Yes, and especially when you're at a training base like Sheppard is, because really, we're molding the future generations. This is what I used to tell my faculty there was, “Look. We're the good-hands people,” you know, like that Allstate [Insurance] commercial. “We've got them in our hands, and if we don't teach them right and teach them correctly while they're here, then what we send out to the field can't be successful.”

I would tell the baby airmen who were in aircraft maintenance the same thing. “You guys are the good-hands people. The air force is about flying airplanes. You must be able to do your job; otherwise, people die. It's just that simple. Pilots can't fly airplanes that aren't airworthy, and everything that we do in aircraft maintenance is focused on making an airworthy machine for a guy or a gal to go do the mission, which may be dropping bombs on somebody, it may be doing reconnaissance, it may be ferrying cargo. But that airplane is our responsibility in aircraft maintenance.”

EE:

You did the commander post for a couple of years at Sheppard and then switched to another, your last stop along the way. Tell me about that. You said you thought it was time to do something else.

BK:

Well, at Sheppard there are three training groups. One is for medical training and the other two are for aircraft maintenance. One primarily for aircraft maintenance, the other group has aircraft maintenance as well as other things like finance and civil engineering. That group commander is the boss of those squadron commanders, and the group commander has a deputy. That's what I did. I was the deputy group commander for the group that had avionics, aircraft maintenance, it had civil engineering, it had finance, had communications, a lot of different career fields. Once again, it's like being the vice president. Your job in life is to gather the information that the big guy needs to know, be sure that everybody's on the same sheet of music and doing their job that they're supposed to be doing.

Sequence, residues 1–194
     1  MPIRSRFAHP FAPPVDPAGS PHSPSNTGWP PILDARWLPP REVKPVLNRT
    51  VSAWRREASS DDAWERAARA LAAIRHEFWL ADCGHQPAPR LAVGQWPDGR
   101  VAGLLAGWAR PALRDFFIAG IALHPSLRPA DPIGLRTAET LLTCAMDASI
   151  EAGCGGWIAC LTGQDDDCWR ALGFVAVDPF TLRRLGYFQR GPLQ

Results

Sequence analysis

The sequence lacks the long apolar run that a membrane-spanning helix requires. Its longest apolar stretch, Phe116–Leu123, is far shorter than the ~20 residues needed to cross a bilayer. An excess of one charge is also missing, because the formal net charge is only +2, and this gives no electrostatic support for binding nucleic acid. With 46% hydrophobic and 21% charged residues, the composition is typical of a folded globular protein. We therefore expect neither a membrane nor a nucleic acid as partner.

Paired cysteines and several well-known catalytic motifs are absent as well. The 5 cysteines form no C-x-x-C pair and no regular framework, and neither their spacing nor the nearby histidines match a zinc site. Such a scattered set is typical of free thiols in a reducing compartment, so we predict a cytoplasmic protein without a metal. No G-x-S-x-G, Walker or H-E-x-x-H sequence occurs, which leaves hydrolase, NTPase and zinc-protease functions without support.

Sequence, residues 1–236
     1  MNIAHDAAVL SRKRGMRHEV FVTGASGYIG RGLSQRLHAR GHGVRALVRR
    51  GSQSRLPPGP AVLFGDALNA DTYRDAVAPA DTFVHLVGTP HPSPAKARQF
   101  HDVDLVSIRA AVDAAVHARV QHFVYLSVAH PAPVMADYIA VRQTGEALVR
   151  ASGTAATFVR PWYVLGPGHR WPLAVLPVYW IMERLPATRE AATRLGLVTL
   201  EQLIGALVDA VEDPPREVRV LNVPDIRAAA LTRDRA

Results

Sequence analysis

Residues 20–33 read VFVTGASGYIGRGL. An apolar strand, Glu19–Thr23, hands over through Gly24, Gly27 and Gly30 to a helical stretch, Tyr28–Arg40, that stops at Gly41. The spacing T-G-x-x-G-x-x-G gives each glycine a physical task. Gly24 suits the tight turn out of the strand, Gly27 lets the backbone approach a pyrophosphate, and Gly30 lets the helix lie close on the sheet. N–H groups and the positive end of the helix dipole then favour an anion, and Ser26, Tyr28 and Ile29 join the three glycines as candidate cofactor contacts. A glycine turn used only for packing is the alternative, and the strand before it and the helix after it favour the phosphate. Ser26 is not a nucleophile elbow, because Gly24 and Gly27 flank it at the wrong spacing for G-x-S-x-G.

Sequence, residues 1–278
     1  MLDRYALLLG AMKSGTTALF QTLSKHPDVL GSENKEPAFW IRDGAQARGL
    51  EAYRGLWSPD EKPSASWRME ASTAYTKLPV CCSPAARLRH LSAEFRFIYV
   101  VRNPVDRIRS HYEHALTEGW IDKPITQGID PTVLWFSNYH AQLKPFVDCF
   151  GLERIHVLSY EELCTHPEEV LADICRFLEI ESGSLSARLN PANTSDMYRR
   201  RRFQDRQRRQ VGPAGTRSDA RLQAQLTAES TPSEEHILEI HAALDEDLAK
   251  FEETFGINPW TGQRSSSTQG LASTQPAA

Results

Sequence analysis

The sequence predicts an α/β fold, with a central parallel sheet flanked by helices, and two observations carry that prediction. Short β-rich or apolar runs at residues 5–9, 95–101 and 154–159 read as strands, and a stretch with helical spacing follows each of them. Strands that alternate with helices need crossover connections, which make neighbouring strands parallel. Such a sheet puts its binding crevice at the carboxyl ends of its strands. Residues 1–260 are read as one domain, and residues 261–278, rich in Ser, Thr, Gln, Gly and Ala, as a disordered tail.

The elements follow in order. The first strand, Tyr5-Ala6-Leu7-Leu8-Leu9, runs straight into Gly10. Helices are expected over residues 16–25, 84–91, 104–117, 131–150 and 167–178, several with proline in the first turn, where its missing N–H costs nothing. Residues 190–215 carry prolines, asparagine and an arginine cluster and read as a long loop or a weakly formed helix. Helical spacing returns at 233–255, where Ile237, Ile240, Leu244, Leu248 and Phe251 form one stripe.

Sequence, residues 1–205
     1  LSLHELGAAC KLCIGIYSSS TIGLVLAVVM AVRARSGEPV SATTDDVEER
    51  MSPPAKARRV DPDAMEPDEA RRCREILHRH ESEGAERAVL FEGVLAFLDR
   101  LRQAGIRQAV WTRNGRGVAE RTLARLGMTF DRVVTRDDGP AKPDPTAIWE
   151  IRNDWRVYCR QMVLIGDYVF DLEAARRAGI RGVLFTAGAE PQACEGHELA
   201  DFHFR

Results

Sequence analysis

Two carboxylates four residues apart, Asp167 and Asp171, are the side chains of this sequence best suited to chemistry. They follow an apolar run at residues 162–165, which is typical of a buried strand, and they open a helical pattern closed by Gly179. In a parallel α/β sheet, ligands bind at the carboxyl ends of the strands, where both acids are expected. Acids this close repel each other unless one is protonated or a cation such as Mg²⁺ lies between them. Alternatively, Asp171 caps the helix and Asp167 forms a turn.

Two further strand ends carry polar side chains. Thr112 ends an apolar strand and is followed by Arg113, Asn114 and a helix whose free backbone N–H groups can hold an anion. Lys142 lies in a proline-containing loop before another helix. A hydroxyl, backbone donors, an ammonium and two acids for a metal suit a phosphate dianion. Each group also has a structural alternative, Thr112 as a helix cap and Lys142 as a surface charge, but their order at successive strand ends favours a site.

Right before I took that job, I was selected for promotion to colonel. [cries] Associated with that—this is my one bitter pill. We used to say in aircraft maintenance that we eat our own. And we do.

EE:

That's the only group that does that, unfortunately.

BK:

Well, we're not the only group that does that, but we're accomplished. I got selected for promotion to colonel. There is a thing in the air force called the Colonels Group.

[End Tape 1, Side B—Begin Tape 2, Side A]

EE:

So you got this letter from the Colonels Group.

BK:

I got this letter from the Colonels Board that said, essentially, “Don't call us. We'll call you.” And that's the rule. They don't—

EE:

Sounds like a fraternity or sorority initiation.

BK:

It is, it is. I call it the good old boys' network, but it's not fair because it's not all boys, because they treat everybody the same, which is like crap.

When you get to be a colonel, which is of significant rank, you, in fact, have less input about the jobs that you will have, shorter notice about the fact that you're going to get a job, and I watched men and women that I worked with who were colonels be yanked around like the short end of a yo-yo. And it was sad, because these people were so hard working, who had done great jobs, and on a couple of occasions I found out about their assignments before they did because it was on a message that happened to come across my desk, you know. And if you can imagine, here you are sending a congratulatory email to somebody who doesn't even know they're about to get moved.